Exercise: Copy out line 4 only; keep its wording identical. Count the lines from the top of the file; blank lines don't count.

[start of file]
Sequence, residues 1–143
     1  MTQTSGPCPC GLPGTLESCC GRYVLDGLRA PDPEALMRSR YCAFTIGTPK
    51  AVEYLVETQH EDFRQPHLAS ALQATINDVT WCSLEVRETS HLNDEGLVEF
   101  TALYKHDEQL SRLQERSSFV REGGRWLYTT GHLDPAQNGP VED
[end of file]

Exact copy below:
   101  TALYKHDEQL SRLQERSSFV REGGRWLYTT GHLDPAQNGP VED